He was a short structured man with clear eyes and a deep resonant voice. I was impressed by listening to his chant, and doing Yagya Agnihotra [a fire ceremony] near the well.

I am a dot
in the extraordinary
robed in the ordinary

Bindu: But you became his chela later on?

Sohan: I was initiated in his temple where he used to draw yantras to meditate on. One day I helped to draw yantras on the back wall of the temple. I remember how the walls of that temple used to vibrate with his voice. There was always a 'hum' around him.

He was popularly called Baba Brahmachari, but, paradoxically, a woman was living with him whom we used to call Mother (Mataji). As a tantric teacher, he was full of these paradoxical mysteries.

Bindu: But where did he come from?

Sohan: I was told he used to teach in Lahore [before the time when India was divided into modern day India and Pakistan]. From there, some of his students became very famous as dancers and musicians.

I am a dot
in the the dot —
free from dotiness

Bindu: But why would such a man renounce the world?

Sohan: One day, early in the morning, from our roof top I saw him chanting mantras and giving blessings to the householder living next door - and begging. I felt ashamed and almost hurt. I had high respect for Guruji, he was a great man in my eyes - and here, like a common beggar, he was asking for flour! I could not take it.

As a result, I decided to bring him a sack of flour. I took it on my bicycle and rode to the temple. Politely I offered it to Guruji saying "Please don't go begging, I can bring more for you". He looked deeply into me and said: "'Pugley' (little fool), do you think I beg for flour? It is part of my sadhana to curve my ego and lighten the karma ..." He gave the sack back to me smiling, "one day maybe you will understand".

Bindu: But would he otherwise preach that you should lower your ego and that sort of thing?

Sohan: No, not really. But when he renounced the world and took sannyasa, he began to beg. On another occasion, he said to me: "When you stretch your arm forward for alms - you cannot stay an egoist."

I am a dot
in the naked flesh
of the flame
burning eh! enlightening

Bindu: Let us return to the music, did he teach through music?

Sohan: He used to chant OM for three hours in the morning with his worn harmonium. Only two keys were working, the rest were unusable.

His temple was a one man temple, so he sat outside. No one knew him when he first came to the village. As he did not speak English, he was outside the culture. He came to the temple, which was situated halfway between our village and the next. People in our village thought the temple belonged to the neighbouring village and the others thought it belonged to us, so you can say it was placed in no-man's land.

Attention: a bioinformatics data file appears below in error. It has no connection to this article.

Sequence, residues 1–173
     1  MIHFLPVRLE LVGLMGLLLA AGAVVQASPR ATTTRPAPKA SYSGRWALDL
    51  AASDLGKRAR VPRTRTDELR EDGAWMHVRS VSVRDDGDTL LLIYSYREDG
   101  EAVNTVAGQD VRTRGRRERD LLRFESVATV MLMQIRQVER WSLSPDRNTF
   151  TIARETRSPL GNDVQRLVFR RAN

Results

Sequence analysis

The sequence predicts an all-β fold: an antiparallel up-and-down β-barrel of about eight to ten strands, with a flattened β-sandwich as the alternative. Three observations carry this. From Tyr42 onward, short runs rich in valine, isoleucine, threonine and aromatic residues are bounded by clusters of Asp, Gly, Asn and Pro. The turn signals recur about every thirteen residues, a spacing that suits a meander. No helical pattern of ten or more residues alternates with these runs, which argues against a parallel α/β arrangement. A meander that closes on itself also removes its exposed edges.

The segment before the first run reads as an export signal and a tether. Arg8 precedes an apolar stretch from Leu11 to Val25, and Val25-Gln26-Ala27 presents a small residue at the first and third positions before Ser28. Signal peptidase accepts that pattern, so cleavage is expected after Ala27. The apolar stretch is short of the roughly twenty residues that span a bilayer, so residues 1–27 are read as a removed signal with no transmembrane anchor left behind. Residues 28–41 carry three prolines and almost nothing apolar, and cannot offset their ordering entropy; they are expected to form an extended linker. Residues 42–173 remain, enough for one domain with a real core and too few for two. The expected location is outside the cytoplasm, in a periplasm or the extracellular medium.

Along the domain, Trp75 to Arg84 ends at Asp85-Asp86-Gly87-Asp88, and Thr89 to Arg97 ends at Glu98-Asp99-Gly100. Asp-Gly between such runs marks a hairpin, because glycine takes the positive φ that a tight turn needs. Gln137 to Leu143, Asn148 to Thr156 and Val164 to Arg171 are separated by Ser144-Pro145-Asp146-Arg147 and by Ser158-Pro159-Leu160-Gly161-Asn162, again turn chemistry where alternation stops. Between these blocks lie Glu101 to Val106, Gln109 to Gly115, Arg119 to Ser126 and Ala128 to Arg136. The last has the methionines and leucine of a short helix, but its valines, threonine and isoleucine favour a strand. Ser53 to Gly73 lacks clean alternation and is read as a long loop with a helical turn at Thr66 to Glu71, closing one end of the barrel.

He was a very simple person who danced all his life till he became around forty, then he withdrew and lived in this temple till he died.

Bindu: Withdrew? Did that mean that he got his food from people through begging only?

Sohan: Yes. People would give him some money or food and he did not need much. Students would come to him to learn to dance and they gave him some.

I am a dot
— the bindu

Perhaps he had been very egotistical as a dancer, maybe he had had a high opinion of himself. Even if he was a good dancer, it made his karma heavy and isolated. This, he could get rid of by begging. He begged by blessing people. And he did it by five doors and then began by the sixth the next day. When he became very old, however, he did not go out.


I am a dot
of the dot
in AUM

And people kept coming to him, they wanted to learn to play music, even if he did not want to teach. People came and settled down, he did not tell them to go away, he did not care and there were many.

Also read Yogini by Sohan Qadri — on the view of the woman, from the tantric tradition


The 'dot' poems by Sohan Qadri was first published in the Danish issue of the magazine Bindu # 14, 1975 where the first edition of this interview was printed. The interview was revised and extended, with new illustrations in 2008. The poems later became part of a larger collection of his poems, Aphorisms, in 1988, containing the poems in both Danish and English. A new edition of these poems has now been published in English by Bindu Publishers in the book Wonderstand - Aphorisms and Poems (2009).

The paintings in this article are all by Sohan Qadri. The sexual ritual photos are by Torben Huss, Copenhagen. The photographic portraits of Sohan Qadri (1975) are by Swami Janakananda. On the last picture (below) you see Sohan Qadri and Swami Ma Sita in the desert outside Dubai, photographed by Swami Janakananda.

Today, Sohan Qadri is a well known artist, and is shown, for instance, in the galleries: Sundaram Tagore Galleries in New York, Beverly Hills, Singapore and Hong Kong, and Kumar Gallery in New Delhi.

This interview has been published on this web site 2008, with the co-operation and consent of Sohan Qadri. All rights reserved © 1975 and 2008 Bindu Publishers, Scandinavian Yoga and Meditation School and Sohan Qadri.